I was fortunate enough to see the Beach Boys perform in Australia in the 1970s. I grew up with their music, and recently saw the movie Love and Mercy based on some of Brian Wilson’s life. This film showed his musical brilliance, but was also a great love story. I wanted to find out more about him and his memoir I am Brian Wilson – The Genius Behind the Beach Boys gave me that.
In this candid, conversational book he is open about his struggle with mental illness. With an abusive father, he doesn’t know from exactly where or when it stemmed from. He does acknowledge his father’s own difficult upbringing, and the benefits and support he did provide. Of the highs and lows in his life he says ‘Some of those things shaped me. Others scarred me. Sometimes it was hard to tell the difference. … Have I stayed strong? I like to think so. But the only thing I know for sure is that I have stayed’.
When he was younger it was an issue he couldn’t discuss with his brothers, that was not how it was back then. When he tried to confide in his father he said ‘Don’t be a pussy. Don’t be a baby. Get in there and write some good songs’. The effect of his father was profound. ‘There were days with my dad that I wish had never happened, and not just a few of them. They added up to months and even years, and they had a big effect on almost everything that came later – every friendship, every decision I made about people, probably every decision people made about me’. The connections between creativity and mental illness are common. As in the song “The Like in I Love You” there is ‘The pain in painting The muse in music. And the pain in music, too’.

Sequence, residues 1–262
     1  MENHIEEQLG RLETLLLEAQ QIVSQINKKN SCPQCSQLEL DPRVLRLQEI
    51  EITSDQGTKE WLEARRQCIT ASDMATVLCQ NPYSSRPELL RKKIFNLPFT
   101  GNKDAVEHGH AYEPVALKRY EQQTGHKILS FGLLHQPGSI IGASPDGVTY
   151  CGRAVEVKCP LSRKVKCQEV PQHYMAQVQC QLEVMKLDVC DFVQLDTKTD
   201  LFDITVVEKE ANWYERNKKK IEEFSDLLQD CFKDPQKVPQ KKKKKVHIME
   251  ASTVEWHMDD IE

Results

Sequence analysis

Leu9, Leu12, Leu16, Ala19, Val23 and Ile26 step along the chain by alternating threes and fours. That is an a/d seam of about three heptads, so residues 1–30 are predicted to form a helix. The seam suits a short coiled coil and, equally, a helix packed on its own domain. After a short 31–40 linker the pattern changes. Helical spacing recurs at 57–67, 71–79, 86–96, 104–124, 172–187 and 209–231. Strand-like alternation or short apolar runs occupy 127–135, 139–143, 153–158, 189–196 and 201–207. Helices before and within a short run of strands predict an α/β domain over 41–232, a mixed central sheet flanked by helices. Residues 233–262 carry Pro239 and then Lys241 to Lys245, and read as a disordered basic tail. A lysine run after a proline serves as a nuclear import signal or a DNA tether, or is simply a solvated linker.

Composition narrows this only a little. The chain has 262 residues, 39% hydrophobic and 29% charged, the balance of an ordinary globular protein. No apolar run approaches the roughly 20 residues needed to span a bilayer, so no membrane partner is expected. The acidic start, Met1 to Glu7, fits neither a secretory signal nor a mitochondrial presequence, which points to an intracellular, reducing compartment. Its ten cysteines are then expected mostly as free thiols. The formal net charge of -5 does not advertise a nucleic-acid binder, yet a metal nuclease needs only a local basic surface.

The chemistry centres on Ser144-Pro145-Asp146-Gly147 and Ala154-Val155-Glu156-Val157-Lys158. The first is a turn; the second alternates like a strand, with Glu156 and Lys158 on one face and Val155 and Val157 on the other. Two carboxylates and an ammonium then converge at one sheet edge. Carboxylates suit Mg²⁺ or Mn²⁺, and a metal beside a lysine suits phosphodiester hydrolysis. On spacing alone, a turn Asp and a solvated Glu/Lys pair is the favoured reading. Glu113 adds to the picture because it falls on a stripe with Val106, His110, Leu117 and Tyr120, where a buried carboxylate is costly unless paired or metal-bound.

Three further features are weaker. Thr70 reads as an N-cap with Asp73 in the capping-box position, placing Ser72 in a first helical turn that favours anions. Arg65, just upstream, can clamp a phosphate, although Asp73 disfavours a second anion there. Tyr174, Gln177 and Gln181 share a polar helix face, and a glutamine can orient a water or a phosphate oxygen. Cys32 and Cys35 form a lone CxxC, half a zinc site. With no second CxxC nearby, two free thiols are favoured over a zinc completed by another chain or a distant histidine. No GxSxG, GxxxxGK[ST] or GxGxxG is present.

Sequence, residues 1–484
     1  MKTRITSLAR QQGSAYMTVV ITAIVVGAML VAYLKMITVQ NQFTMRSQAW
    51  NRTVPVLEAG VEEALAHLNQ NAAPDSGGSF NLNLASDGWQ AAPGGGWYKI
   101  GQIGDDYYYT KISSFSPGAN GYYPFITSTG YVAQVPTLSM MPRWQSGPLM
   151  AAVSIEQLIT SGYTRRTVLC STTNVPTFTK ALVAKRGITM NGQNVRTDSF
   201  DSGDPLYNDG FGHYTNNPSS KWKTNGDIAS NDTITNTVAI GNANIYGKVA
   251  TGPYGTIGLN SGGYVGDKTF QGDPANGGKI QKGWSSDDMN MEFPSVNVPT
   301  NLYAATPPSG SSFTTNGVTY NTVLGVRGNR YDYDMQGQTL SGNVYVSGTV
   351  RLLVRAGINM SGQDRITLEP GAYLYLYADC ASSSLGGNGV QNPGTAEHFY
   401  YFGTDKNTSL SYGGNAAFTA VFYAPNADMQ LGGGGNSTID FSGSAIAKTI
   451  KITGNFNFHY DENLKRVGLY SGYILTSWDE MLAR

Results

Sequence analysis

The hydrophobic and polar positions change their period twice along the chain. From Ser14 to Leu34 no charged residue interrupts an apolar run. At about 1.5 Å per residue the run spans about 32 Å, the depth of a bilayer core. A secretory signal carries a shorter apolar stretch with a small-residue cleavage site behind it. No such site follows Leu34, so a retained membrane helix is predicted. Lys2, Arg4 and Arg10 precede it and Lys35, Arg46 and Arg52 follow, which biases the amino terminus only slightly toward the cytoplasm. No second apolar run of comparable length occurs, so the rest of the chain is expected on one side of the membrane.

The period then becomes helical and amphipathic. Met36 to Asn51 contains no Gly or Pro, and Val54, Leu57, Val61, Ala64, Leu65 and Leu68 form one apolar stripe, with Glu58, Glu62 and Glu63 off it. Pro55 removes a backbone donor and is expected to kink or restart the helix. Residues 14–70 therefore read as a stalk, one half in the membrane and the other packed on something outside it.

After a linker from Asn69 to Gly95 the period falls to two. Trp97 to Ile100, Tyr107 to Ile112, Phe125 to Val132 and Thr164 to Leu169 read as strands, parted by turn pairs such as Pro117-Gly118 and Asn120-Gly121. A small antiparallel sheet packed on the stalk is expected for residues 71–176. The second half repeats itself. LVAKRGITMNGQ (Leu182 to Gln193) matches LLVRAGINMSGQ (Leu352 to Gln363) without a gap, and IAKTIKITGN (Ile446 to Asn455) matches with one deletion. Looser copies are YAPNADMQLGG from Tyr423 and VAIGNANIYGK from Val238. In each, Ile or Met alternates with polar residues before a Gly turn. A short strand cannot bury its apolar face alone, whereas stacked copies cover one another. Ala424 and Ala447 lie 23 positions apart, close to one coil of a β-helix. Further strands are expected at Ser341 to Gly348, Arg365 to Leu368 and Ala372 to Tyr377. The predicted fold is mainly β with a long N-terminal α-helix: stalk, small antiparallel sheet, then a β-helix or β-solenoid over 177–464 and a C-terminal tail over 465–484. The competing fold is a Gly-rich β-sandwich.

The book also talks about the musical world he was part of, with all the greats – the Beatles, the Rolling Stones and many more. I learned things I didn’t know like the song “You Are So Beautiful”, which most people know of from the version by Joe Cocker, was co-written by Brian’s brother Dennis.
He also talks about the woman who saved him, Melinda. She is an amazing woman, and the love they have for each other and their children shines through.
His honesty about his mental health can help others who are struggling with it, or know someone who is. As he says ‘It’s a part of my brain that doesn’t change, so what has to change is the way I deal with it. The voices won’t disappear, so I have to make sure that I don’t disappear because of them’. This is a memoir for lovers of music, but also so much more.